You can set the Result.RequeueAfter to requeue the Request after a grace period as well:

import "time"

// Reconcile for any reason than error after 5 seconds
return reconcile.Result{RequeueAfter: time.Second*5}, nil

For a guide on Reconcilers, Clients, and interacting with resource Events, see the Client API doc.

Build and run the operator

Before running the operator, the CRD must be registered with the Kubernetes apiserver:

$ kubectl create -f deploy/crds/cache_v1alpha1_memcached_crd.yaml

Once this is done, there are two ways to run the operator:

  • As a Deployment inside a Kubernetes cluster
  • As Go program outside a cluster

1. Run as a Deployment inside the cluster

Build the memcached-operator image and push it to a registry:

$ operator-sdk build quay.io/example/memcached-operator:v0.0.1
$ sed -i 's|REPLACE_IMAGE|quay.io/example/memcached-operator:v0.0.1|g' deploy/operator.yaml
$ docker push quay.io/example/memcached-operator:v0.0.1

The Deployment manifest is generated at deploy/operator.yaml. Be sure to update the deployment image as shown above since the default is just a placeholder.

Setup RBAC and deploy the memcached-operator:

$ kubectl create -f deploy/service_account.yaml
$ kubectl create -f deploy/role.yaml
$ kubectl create -f deploy/role_binding.yaml
$ kubectl create -f deploy/operator.yaml

Verify that the memcached-operator is up and running:

$ kubectl get deployment
NAME                     DESIRED   CURRENT   UP-TO-DATE   AVAILABLE   AGE
memcached-operator       1         1         1            1           1m

2. Run locally outside the cluster

This method is preferred during development cycle to deploy and test faster.

Set the name of the operator in an environment variable:

export OPERATOR_NAME=memcached-operator

Run the operator locally with the default kubernetes config file present at $HOME/.kube/config:

$ operator-sdk up local --namespace=default
2018/09/30 23:10:11 Go Version: go1.10.2
2018/09/30 23:10:11 Go OS/Arch: darwin/amd64
2018/09/30 23:10:11 operator-sdk Version: 0.0.6+git
2018/09/30 23:10:12 Registering Components.
2018/09/30 23:10:12 Starting the Cmd.

You can use a specific kubeconfig via the flag --kubeconfig=<path/to/kubeconfig>.

Create a Memcached CR

Create the example Memcached CR that was generated at deploy/crds/cache_v1alpha1_memcached_cr.yaml:

$ cat deploy/crds/cache_v1alpha1_memcached_cr.yaml
apiVersion: "cache.example.com/v1alpha1"
kind: "Memcached"
metadata:
  name: "example-memcached"
spec:
  size: 3

$ kubectl apply -f deploy/crds/cache_v1alpha1_memcached_cr.yaml

Ensure that the memcached-operator creates the deployment for the CR:

$ kubectl get deployment
NAME                     DESIRED   CURRENT   UP-TO-DATE   AVAILABLE   AGE
memcached-operator       1         1         1            1           2m
example-memcached        3         3         3            3           1m

Check the pods and CR status to confirm the status is updated with the memcached pod names:

$ kubectl get pods
NAME                                  READY     STATUS    RESTARTS   AGE
example-memcached-6fd7c98d8-7dqdr     1/1       Running   0          1m
example-memcached-6fd7c98d8-g5k7v     1/1       Running   0          1m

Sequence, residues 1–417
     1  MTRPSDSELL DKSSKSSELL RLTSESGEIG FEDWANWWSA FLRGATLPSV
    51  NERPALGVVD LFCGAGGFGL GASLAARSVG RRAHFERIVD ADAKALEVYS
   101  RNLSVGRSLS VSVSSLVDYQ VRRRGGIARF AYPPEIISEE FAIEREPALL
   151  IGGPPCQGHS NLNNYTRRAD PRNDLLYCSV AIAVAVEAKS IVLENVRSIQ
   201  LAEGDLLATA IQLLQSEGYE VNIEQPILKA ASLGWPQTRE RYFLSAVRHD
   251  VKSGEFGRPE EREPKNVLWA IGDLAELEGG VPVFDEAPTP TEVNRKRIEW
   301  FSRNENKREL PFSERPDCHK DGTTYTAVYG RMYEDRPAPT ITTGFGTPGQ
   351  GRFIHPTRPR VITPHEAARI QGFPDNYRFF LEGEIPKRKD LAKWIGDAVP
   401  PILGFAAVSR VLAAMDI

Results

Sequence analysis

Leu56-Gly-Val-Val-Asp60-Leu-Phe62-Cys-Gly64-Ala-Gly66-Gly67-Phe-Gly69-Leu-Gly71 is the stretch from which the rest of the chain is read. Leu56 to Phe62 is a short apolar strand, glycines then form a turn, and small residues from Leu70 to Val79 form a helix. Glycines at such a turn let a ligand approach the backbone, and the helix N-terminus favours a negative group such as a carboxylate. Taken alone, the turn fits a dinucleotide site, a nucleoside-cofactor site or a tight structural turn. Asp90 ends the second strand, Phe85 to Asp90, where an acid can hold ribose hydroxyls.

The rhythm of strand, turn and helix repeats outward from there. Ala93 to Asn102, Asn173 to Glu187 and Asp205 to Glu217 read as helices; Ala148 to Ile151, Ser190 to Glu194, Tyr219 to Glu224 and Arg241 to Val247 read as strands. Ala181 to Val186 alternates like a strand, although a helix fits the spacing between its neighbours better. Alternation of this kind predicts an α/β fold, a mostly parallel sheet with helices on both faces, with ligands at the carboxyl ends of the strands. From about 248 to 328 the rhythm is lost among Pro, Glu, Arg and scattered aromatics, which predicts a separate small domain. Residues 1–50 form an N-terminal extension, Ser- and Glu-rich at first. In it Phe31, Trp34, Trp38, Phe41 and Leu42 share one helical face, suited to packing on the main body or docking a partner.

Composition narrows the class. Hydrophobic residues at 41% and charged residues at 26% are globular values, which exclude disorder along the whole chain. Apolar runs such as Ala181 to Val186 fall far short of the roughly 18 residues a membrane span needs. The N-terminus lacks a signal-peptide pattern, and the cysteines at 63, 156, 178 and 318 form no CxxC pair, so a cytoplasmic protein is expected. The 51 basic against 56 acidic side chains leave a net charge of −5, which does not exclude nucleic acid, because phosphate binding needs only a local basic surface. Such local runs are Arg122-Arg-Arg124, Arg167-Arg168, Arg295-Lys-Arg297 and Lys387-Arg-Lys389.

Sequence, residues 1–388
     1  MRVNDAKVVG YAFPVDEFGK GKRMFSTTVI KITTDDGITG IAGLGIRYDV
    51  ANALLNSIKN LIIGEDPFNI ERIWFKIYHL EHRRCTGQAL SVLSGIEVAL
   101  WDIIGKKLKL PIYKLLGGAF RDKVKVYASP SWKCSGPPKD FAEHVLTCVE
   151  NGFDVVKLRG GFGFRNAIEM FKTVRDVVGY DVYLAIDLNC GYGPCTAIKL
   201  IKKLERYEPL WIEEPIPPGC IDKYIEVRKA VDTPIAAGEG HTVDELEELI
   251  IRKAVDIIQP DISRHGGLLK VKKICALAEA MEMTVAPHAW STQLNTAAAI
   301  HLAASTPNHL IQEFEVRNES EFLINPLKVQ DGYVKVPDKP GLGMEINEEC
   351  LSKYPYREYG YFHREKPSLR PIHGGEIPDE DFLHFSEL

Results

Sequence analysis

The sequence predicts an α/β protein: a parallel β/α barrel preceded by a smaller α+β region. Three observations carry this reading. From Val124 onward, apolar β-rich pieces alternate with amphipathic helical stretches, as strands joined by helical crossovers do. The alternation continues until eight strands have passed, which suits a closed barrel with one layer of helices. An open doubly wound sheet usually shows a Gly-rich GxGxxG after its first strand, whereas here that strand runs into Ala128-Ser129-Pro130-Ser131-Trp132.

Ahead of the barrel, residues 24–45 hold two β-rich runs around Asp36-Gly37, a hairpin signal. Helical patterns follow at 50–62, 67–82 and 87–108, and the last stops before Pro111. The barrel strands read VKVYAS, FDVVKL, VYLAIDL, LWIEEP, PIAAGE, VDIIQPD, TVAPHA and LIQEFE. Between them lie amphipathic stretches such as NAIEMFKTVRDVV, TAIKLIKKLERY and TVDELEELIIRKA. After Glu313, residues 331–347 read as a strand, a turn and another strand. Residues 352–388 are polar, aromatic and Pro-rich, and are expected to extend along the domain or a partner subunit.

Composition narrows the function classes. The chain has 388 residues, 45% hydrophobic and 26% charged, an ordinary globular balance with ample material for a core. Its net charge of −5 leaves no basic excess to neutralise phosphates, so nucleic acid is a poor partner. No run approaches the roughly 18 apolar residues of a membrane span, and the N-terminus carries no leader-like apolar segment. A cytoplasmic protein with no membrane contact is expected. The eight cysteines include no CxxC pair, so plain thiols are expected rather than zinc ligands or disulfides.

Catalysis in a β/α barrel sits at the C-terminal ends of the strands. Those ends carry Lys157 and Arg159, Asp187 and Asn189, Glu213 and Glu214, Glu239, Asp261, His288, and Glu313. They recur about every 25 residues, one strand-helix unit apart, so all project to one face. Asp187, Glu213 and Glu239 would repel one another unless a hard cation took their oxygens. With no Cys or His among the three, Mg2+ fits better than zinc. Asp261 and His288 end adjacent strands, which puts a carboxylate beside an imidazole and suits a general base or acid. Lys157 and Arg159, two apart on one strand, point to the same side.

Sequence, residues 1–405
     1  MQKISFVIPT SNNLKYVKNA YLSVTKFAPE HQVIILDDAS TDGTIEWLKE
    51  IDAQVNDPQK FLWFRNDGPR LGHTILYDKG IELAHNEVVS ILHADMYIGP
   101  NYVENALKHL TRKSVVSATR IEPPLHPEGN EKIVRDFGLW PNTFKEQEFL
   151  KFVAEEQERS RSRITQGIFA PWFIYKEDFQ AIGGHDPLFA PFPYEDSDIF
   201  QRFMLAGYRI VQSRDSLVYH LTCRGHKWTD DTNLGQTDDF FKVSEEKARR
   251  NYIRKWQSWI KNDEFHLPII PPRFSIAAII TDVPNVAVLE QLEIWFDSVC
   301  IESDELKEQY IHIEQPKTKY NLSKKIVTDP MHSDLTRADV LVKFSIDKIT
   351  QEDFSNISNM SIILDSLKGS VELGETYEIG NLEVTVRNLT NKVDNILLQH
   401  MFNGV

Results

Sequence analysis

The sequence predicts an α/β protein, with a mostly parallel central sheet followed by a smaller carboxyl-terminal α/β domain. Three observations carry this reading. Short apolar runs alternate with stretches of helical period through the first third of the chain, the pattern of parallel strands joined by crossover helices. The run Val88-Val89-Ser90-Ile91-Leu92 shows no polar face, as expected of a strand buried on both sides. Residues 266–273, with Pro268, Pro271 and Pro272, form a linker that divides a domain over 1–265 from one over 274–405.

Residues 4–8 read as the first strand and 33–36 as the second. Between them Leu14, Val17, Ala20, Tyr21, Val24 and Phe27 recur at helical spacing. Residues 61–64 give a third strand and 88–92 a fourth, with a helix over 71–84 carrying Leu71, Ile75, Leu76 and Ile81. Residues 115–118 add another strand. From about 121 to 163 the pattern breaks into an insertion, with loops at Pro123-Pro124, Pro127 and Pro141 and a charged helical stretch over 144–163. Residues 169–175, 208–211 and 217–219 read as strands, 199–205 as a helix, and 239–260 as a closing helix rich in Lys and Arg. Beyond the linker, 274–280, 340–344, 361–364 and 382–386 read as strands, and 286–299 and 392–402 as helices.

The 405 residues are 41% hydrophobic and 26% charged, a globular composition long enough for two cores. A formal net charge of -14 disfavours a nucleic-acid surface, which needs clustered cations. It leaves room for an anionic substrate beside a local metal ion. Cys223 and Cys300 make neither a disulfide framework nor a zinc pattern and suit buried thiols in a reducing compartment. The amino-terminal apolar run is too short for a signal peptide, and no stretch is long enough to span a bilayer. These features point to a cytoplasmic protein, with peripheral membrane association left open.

example-memcached-6fd7c98d8-m7vn7     1/1       Running   0          1m
memcached-operator-7cc7cfdf86-vvjqk   1/1       Running   0          2m
$ kubectl get memcached/example-memcached -o yaml
apiVersion: cache.example.com/v1alpha1
kind: Memcached
metadata:
  clusterName: ""
  creationTimestamp: 2018-03-31T22:51:08Z
  generation: 0
  name: example-memcached
  namespace: default
  resourceVersion: "245453"
  selfLink: /apis/cache.example.com/v1alpha1/namespaces/default/memcacheds/example-memcached
  uid: 0026cc97-3536-11e8-bd83-0800274106a1
spec:
  size: 3
status:
  nodes:
  - example-memcached-6fd7c98d8-7dqdr
  - example-memcached-6fd7c98d8-g5k7v
  - example-memcached-6fd7c98d8-m7vn7

Update the size

Change the spec.size field in the memcached CR from 3 to 4 and apply the change:

$ cat deploy/crds/cache_v1alpha1_memcached_cr.yaml
apiVersion: "cache.example.com/v1alpha1"
kind: "Memcached"
metadata:
  name: "example-memcached"
spec:
  size: 4

$ kubectl apply -f deploy/crds/cache_v1alpha1_memcached_cr.yaml

Confirm that the operator changes the deployment size:

$ kubectl get deployment
NAME                 DESIRED   CURRENT   UP-TO-DATE   AVAILABLE   AGE
example-memcached    4         4         4            4           5m

Cleanup

Clean up the resources:

$ kubectl delete -f deploy/crds/cache_v1alpha1_memcached_cr.yaml
$ kubectl delete -f deploy/operator.yaml
$ kubectl delete -f deploy/role_binding.yaml
$ kubectl delete -f deploy/role.yaml
$ kubectl delete -f deploy/service_account.yaml

Advanced Topics

Adding 3rd Party Resources To Your Operator

To add a resource to an operator, you must add it to a scheme. By creating an AddToScheme method or reusing one you can easily add a resource to your scheme. An example shows that you define a function and then use the runtime package to create a SchemeBuilder

Current Operator-SDK

You then need to tell the operators to use these functions to add the resources to its scheme. In operator-sdk you use AddToSDKScheme to add this. Example of you main.go:

import (
    ....
    appsv1 "k8s.io/api/apps/v1"
)

func main() {
    k8sutil.AddToSDKScheme(appsv1.AddToScheme)`
    sdk.Watch(appsv1.SchemeGroupVersion.String(), "Deployments", <namespace>, <resyncPeriod>)
}

Future with Controller Runtime

When using controller runtime, you will also need to tell its scheme about your resourece. In controller runtime to add to the scheme, you can get the managers scheme. If you would like to see what kubebuilder generates to add the resoureces to the scheme. Example:

import (
    ....
    appsv1 "k8s.io/api/apps/v1"
)

func main() {
    ....
    if err := appsv1.AddToScheme(mgr.GetScheme()); err != nil {
        log.Fatal(err)
    }
    ....
}